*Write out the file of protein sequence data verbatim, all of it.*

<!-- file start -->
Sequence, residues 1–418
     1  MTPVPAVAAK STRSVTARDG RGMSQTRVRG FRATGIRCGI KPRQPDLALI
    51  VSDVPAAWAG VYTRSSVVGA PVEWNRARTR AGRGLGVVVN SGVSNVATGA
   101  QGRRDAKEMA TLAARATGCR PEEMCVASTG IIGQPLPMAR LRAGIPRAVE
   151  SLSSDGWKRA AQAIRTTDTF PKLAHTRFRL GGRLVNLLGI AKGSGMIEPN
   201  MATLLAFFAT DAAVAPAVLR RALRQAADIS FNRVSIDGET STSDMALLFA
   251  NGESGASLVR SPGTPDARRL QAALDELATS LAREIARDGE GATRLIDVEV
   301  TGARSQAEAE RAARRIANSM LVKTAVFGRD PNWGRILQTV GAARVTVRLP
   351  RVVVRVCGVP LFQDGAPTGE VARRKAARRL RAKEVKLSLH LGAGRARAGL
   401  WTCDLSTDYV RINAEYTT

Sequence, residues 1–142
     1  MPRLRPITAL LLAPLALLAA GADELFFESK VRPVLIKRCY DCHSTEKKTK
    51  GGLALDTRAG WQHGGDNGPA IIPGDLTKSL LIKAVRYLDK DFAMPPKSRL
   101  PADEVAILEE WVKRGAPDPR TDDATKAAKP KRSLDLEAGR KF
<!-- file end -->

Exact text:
Sequence, residues 1–418
     1  MTPVPAVAAK STRSVTARDG RGMSQTRVRG FRATGIRCGI KPRQPDLALI
    51  VSDVPAAWAG VYTRSSVVGA PVEWNRARTR AGRGLGVVVN SGVSNVATGA
   101  QGRRDAKEMA TLAARATGCR PEEMCVASTG IIGQPLPMAR LRAGIPRAVE
   151  SLSSDGWKRA AQAIRTTDTF PKLAHTRFRL GGRLVNLLGI AKGSGMIEPN
   201  MATLLAFFAT DAAVAPAVLR RALRQAADIS FNRVSIDGET STSDMALLFA
   251  NGESGASLVR SPGTPDARRL QAALDELATS LAREIARDGE GATRLIDVEV
   301  TGARSQAEAE RAARRIANSM LVKTAVFGRD PNWGRILQTV GAARVTVRLP
   351  RVVVRVCGVP LFQDGAPTGE VARRKAARRL RAKEVKLSLH LGAGRARAGL
   401  WTCDLSTDYV RINAEYTT

Sequence, residues 1–142
     1  MPRLRPITAL LLAPLALLAA GADELFFESK VRPVLIKRCY DCHSTEKKTK
    51  GGLALDTRAG WQHGGDNGPA IIPGDLTKSL LIKAVRYLDK DFAMPPKSRL
   101  PADEVAILEE WVKRGAPDPR TDDATKAAKP KRSLDLEAGR KF